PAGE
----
Steven Collier knew something was wrong when he kept losing weight, but he couldn’t clearly explain his problem. He didn’t have an established primary care provider, and didn’t know where to turn for medical help.
A fellow union member encouraged him to ask for help at the health center at the International Union of Operating Engineers Local 101 (IUOE Local 101) in Kansas City, Missouri. IUOE Local 101 teamed up with Cerner to offer a health center for its members, conveniently located at the office.
Collier met with the on-site health center physician. “I explained that I’d lost about 80 pounds, and I just wasn’t feeling good,” said Collier.
The doctor immediately could see something was wrong and quickly referred Collier to a specialist, who discovered colon cancer.
The news came as a shock for Collier and his wife.
“I was at work when he told me. It was earth shattering; I had to leave work. We had to go home and prepare ourselves mentally, physically and spiritually for what was coming,” said Grace Collier.
Just a few weeks after that initial visit, surgeons removed a five-inch mass. Since then, Steven’s outcome has been a success.
“It’s gone. I’ve beat it so far,” he said.
Steven credits the health center at IUOE 101 for giving him a place to turn as his health declined. The health center opened in June 2016. Since then, there have been more than 2,300 visits through June 2017.
IUOE 101 offers the health center to members without copays and deductibles. In addition to saving them money, the health center also fits into a difficult schedule for Operating Engineer members who don’t want to spend time away from work.
“Time is money to our membership,” said Scott Rettig, business manager. “They’re not going to go sit in a doctor’s office and wait for three hours and lose half a day’s wages,” he said.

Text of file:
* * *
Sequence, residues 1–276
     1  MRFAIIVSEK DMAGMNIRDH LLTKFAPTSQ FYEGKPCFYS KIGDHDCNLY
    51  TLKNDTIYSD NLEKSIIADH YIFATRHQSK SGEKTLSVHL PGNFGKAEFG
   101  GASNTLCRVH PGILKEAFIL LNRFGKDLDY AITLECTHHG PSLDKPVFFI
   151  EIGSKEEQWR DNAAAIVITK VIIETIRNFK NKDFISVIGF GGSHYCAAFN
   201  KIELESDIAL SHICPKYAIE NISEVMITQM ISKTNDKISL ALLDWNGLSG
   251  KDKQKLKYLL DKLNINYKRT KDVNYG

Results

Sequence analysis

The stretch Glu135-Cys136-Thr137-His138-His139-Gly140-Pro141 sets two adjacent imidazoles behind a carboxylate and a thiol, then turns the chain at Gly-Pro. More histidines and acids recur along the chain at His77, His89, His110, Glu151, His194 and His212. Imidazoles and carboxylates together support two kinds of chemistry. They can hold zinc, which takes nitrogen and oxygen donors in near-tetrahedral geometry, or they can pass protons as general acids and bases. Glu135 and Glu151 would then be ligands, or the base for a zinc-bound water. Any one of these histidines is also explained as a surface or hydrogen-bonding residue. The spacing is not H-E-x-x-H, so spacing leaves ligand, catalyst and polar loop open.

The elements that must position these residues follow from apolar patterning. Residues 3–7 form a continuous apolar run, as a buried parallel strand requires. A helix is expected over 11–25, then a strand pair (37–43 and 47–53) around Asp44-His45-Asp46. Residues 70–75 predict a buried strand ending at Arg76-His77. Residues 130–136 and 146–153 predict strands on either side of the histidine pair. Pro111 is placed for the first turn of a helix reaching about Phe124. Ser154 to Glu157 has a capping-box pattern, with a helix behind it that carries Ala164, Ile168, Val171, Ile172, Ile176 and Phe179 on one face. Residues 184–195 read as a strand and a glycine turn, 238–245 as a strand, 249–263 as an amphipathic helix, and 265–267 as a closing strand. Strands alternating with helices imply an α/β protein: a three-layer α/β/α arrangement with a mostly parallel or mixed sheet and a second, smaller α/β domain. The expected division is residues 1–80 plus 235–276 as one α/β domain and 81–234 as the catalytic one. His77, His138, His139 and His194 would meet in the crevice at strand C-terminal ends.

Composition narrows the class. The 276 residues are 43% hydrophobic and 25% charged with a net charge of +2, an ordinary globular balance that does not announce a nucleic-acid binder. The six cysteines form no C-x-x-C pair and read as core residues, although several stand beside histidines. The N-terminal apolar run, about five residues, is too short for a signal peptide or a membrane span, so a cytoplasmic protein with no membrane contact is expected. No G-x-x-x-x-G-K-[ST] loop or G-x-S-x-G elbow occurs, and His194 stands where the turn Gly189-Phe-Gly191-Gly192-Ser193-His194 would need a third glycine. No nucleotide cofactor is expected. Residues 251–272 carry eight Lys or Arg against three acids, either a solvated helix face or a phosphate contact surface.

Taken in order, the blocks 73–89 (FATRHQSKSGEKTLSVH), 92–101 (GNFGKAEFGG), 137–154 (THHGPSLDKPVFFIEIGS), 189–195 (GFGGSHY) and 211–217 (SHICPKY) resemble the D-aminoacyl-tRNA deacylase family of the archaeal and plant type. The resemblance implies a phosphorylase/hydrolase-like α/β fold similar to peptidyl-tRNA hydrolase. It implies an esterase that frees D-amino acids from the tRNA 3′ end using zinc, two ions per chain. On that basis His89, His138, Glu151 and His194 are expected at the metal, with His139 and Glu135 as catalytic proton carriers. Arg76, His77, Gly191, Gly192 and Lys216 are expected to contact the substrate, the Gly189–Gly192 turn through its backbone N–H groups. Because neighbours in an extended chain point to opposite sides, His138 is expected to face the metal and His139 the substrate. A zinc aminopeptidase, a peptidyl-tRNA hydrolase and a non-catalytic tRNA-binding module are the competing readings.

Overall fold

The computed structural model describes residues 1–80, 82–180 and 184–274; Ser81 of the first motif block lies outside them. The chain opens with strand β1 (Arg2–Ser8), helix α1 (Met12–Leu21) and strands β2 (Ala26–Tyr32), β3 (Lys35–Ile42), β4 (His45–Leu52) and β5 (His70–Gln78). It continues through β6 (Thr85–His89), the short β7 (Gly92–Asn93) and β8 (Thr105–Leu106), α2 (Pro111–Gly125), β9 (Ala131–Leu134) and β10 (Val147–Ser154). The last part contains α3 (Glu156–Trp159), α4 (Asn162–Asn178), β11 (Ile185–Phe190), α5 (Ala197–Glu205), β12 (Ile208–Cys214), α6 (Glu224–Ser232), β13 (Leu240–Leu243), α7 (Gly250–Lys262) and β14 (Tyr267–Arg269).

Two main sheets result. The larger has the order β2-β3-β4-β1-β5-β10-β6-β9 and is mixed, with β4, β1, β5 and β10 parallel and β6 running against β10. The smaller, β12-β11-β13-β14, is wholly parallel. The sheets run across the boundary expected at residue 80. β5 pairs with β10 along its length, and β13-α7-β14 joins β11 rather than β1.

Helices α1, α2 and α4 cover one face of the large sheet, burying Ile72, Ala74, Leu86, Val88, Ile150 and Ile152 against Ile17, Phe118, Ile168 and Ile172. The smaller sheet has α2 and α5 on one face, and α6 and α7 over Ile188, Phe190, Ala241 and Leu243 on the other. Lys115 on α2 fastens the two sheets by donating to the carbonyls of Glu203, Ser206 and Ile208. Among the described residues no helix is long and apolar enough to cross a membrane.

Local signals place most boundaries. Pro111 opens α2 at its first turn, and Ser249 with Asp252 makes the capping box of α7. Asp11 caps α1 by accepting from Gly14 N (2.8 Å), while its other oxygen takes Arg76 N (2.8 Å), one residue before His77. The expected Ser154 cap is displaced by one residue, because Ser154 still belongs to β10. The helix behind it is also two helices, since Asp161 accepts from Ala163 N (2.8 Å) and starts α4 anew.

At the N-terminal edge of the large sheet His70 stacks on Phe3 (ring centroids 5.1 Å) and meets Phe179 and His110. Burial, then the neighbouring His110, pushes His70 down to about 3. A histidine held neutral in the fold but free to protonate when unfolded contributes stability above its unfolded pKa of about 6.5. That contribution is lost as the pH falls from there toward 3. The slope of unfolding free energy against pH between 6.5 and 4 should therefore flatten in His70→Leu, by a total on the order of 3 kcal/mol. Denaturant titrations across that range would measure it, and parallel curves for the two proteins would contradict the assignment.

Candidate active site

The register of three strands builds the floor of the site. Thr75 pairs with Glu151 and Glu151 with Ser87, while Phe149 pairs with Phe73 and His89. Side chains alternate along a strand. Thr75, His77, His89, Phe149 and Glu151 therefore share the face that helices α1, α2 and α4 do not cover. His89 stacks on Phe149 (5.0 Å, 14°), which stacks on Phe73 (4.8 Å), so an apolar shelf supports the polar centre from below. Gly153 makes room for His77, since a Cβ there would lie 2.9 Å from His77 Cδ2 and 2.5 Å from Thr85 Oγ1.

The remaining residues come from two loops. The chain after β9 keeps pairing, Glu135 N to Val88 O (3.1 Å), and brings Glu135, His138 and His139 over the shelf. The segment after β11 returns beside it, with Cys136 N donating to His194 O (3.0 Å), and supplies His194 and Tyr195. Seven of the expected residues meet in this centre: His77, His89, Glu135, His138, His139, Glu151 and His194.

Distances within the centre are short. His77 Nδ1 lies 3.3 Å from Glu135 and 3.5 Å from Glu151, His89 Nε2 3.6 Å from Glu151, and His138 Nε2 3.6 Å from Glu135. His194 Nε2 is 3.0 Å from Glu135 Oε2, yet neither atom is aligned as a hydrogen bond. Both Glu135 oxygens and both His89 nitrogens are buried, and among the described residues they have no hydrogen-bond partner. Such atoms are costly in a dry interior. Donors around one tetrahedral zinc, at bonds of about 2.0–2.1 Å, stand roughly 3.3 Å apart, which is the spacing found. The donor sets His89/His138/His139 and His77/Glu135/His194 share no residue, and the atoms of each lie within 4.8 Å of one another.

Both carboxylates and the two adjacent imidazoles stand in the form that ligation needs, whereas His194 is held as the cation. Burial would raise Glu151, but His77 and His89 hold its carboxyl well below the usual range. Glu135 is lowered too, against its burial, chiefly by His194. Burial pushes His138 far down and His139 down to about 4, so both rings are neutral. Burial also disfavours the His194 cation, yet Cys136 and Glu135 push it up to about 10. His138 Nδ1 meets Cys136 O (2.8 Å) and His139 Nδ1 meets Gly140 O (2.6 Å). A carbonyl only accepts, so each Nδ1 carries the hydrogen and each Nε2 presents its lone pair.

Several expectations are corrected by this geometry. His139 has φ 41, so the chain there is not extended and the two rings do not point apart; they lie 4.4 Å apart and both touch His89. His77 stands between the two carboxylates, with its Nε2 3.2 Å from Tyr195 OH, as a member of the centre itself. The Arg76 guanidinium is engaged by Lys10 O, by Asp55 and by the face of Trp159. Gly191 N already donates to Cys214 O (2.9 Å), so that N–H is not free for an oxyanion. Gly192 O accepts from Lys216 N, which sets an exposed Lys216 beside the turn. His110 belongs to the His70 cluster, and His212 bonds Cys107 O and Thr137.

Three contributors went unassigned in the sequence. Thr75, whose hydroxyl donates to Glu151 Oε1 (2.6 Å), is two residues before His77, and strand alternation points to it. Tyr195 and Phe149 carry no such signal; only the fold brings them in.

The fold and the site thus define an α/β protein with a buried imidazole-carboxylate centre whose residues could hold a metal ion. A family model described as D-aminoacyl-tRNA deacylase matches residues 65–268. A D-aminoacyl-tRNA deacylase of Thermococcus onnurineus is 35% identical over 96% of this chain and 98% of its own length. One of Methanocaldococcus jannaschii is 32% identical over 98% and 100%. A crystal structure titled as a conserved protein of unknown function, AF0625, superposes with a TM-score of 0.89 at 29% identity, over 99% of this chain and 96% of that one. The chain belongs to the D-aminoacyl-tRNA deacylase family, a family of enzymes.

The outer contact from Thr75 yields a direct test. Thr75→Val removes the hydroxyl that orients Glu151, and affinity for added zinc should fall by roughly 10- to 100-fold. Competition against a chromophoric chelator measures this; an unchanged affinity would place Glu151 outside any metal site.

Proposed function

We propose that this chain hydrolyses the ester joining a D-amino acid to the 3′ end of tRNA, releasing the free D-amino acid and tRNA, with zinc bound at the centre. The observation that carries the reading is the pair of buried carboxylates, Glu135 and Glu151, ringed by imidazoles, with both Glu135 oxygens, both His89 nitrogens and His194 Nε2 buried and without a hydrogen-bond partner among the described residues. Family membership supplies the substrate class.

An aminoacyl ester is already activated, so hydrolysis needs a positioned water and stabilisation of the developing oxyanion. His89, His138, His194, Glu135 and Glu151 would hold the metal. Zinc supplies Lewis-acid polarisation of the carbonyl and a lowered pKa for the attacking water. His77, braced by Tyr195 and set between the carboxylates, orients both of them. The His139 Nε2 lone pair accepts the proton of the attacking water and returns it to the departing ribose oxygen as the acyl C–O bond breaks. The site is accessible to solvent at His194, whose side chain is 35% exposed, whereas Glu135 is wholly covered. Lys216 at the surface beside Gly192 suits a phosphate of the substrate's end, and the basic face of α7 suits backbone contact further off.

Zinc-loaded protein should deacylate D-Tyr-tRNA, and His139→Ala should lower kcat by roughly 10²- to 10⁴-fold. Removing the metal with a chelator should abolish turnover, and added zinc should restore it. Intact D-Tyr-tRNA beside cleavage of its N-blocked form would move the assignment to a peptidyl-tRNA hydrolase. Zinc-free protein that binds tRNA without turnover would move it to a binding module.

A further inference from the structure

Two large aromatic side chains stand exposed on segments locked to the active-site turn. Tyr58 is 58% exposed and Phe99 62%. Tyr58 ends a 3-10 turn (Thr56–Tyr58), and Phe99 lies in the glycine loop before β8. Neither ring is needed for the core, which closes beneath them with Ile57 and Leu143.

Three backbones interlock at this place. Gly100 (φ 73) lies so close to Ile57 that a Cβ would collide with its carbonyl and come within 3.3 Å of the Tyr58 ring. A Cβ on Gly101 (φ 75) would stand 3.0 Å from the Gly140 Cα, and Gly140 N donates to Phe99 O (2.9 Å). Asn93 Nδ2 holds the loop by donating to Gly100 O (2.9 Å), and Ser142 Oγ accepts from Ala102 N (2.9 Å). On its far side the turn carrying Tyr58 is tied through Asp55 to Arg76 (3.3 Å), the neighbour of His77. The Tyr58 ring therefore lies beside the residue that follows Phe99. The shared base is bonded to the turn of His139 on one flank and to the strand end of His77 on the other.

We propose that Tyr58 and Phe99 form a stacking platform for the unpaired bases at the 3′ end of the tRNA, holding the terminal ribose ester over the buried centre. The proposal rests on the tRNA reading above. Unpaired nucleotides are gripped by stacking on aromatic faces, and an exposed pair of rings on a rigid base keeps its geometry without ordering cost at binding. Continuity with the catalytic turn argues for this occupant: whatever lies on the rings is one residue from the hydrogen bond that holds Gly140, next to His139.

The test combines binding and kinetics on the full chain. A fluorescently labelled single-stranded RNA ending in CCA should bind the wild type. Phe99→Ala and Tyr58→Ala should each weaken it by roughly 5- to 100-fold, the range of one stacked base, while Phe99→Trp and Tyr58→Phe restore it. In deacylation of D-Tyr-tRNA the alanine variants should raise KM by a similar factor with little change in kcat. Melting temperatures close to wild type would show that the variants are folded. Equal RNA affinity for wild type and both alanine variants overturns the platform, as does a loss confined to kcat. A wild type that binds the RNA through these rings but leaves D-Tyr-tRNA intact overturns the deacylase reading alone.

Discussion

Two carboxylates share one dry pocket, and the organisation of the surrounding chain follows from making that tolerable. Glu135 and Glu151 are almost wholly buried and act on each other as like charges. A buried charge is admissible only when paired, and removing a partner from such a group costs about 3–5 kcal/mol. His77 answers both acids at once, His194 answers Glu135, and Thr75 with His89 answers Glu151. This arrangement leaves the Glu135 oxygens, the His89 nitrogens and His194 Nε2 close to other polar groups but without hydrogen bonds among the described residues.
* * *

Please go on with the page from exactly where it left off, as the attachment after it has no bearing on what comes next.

To ease the impact of working around the engineers’ schedules, the health center makes it easy to schedule an appointment and see Cerner physician Toni Zink, MD, quickly. In addition, patients receive more personal care than in a traditional setting.
“The care is different here. We have more time with the patients. I’m not rushing from room to room. Each person gets the right amount of time they need,” said Zink.
Collier isn’t the only person who learned of potential health problems at the health center. In its first year of operation, IUOE 101’s clinical team diagnosed more than 190 patients with hypertension and nearly 40 patients with diabetes.
“We’re catching a lot of things early and treating them,” said Zink.
The health center works to prevent health problems as well.
Nancy Hayes receives assistance from the center through her husband who is a union member. She worked with the center to improve nutrition and drop her weight. She’s 30 pounds slimmer and plans to continue her progress.
“I come up once a month and we check my weight,” she said. “They gave me some medication that’s helped, and talked about nutrition needs, watching portions and looking for healthier choices.”
IUOE 101 leaders plan to continue working with Cerner to expand services offered to members. Visits to the health center exceeded projections for the first year open by 26 percent, with a 99.5 percent satisfaction rate from members surveyed.
“In addition to the quality and convenient health care provided to the membership, we anticipate a big savings for our health and welfare funds,” said Rettig.
For cancer survivor Collier, it’s not just the time and cost savings that he feels is the most important aspect of the clinic.
“The physician here saved my life,” he said. “If I hadn’t done anything, I could either be dead, or my life would be totally changed.”